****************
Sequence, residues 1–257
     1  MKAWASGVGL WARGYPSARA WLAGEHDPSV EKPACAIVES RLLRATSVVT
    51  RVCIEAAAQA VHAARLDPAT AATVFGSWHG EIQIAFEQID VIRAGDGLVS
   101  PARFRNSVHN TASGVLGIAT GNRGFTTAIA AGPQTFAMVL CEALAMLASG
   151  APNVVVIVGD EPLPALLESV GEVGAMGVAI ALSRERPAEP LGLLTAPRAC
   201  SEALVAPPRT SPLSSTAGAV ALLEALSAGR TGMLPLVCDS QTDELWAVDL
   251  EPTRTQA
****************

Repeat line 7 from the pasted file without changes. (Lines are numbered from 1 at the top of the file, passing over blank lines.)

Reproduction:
   251  EPTRTQA